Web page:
A Master Artisan
Puppeteering from Darmstadt to D.C.

The Racing Presidents © https://blog.letteddywin.com/

Ingrid Crepeau, the mastermind behind the Washington Nationals’ ‘Racing Presidents’ mascots, talks about her transatlantic career.

Flawn Williams

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This episode is by Flawn Williams. Flawn is the technical director of THE BIG PONDER. He spent decades making programs for NPR and teaching audio journalism and music recording at Georgetown University. As a child, he briefly lived in Germany, where his father was stationed as a soldier with the U.S. military. In this podcast, he talks to Ingrid Crepeau, a puppeteer with a surprising connection to Germany. LetTeddyWin.com provided the photo above of the Washington Nationals’ ‘Racing Presidents’ mascots.


Flawn Williams: I’m Flawn Williams, in Washington, D.C.


Flawn Williams: At the baseball stadium over at the D.C. waterfront, there’s a mid-game diversion on the field. It’s a foot race, featuring ten-foot-tall body puppet heads, of four American presidents: George Washington, Thomas Jefferson, Abe Lincoln and Teddy Roosevelt.


Flawn Williams: It’s a real race, but the Teddy Roosevelt mascot almost always loses. Meanwhile, on the other side of town, you can take the family to enjoy a musical puppet show that teaches kids in a fun way about dinosaurs.


Flawn Williams: A creative force behind both of these events is a seasoned veteran puppeteer and puppet builder named Ingrid Crepeau. And an important milestone in Ingrid’s journey to become a puppet master happened across the Pond, in the German city of Darmstadt in the late 1950s.
Ingrid Crepeau: My Dad was in the Air Force, and we were stationed in Germany. We actually flew across the ocean in a propeller plane, with a refueling stop at the Azores. And it took seventeen hours! And we stayed in Germany for three years and flew back on a jet. So we went from the dark ages to the modern times while I was in Germany!

Flawn Williams: Ingrid arrived in Darmstadt at age eleven. And she quickly became enthralled with the town.
Ingrid Crepeau: It is the most livable, delightful city I have ever been in in my whole life. It has a Strassenbahn, and back then it was so cheap, we just went everywhere on a Strassenbahn! And it had a wonderful center of town, which just was so inviting. It had a Centerplatz with a big statue of Ludwig (Archduke Ludwig I of Hesse). So of course he was called ‘Langer Lui’. And you’d just say, “I’ll meet you at Langer Lui!”

Flawn Williams: One major draw at the Darmstadt Centerplatz was a department store which offered one very special attraction for Ingrid.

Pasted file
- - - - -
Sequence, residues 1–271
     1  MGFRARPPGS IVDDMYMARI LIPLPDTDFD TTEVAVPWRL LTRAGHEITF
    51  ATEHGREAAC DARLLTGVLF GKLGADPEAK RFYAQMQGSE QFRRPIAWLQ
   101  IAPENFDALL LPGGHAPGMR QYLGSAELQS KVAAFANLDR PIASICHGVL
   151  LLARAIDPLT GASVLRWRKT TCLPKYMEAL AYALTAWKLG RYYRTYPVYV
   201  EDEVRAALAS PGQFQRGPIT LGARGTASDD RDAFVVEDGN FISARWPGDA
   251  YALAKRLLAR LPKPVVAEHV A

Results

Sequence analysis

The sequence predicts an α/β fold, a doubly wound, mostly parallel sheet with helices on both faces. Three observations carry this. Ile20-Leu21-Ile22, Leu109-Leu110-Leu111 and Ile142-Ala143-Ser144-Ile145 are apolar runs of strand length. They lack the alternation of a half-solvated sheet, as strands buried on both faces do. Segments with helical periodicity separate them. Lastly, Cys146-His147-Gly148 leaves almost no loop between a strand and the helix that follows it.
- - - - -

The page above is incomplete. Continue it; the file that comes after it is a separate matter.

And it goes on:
Ingrid Crepeau: It had one whole room of nothing but puppets! I was in heaven! Just to go and look at all those puppets was pretty thrilling. And then at Christmas time, the whole Centerplatz was just gorgeous, all lit up and beautiful. And in the Kaufhof they had the windows lined up, and you’d start at window one. And they would start a puppet show. Then you’d go to the next scene you’d walk to the next window, see the next scene of the puppet show, and then you’d go to the next window, and it took like four windows, and you saw a little puppet show.

Flawn Williams: Ingrid attended a school for the children of American military families in Darmstadt. And the school also hosted extracurricular events. One season they scheduled a series of puppet shows on Saturday afternoons.
Ingrid Crepeau: This puppeteer, who, I’m not sure I remember his name but I think it’s Herr Englich. I have gone back and explored who that might have been and if it was Herr Englich, he was a national treasure in the art of Kasperle, which is the German equivalent of Punch and Judy.

Flawn Williams: The Kasperle tradition in Germany, Austria and Switzerland emerged from earlier puppet show motifs in the middle of the nineteenth century. The tradition takes its name from the puppet character known as Kasper. Kasper is a sort of positive everyman, helping his friends and making jokes, while valiantly fighting stock villains such as a witch, a devil, or even a crocodile. Or, ‘auf Deutsch’, Croh-koh-DEEL!


Flawn Williams: And Kasper’s character has persisted, from olden times right up into the age of YouTube videos. For Ingrid, back in 1950s Darmstadt, the opportunity to see Herr Englich perform was thrilling.
Ingrid Crepeau: He was doing three performances, I bought three tickets! I was gonna see it three times! Cause what could be better? And, so being twelve, and much taller than all the little kids who came to see the puppet show, I stuck out like a sore thumb I’m sure. But I loved the puppet show, and I got back in line to get back in to see the second one and, Herr Englich signaled me to come on over and talk to him, and I said, OK, why not. So I went over, and, I don’t even know if I spoke English or German, frankly, I probably spoke a mix of it with him. And he said, ‘so you like puppets,’ and I said, ‘Oh I love puppets, I think they’re wonderful, and that was a terrific puppet show.’ And he said, ‘OK, in this show you will be the chicken.’ And it was like, ‘okay’. So he took me backstage. And it was amazing, it was miraculous!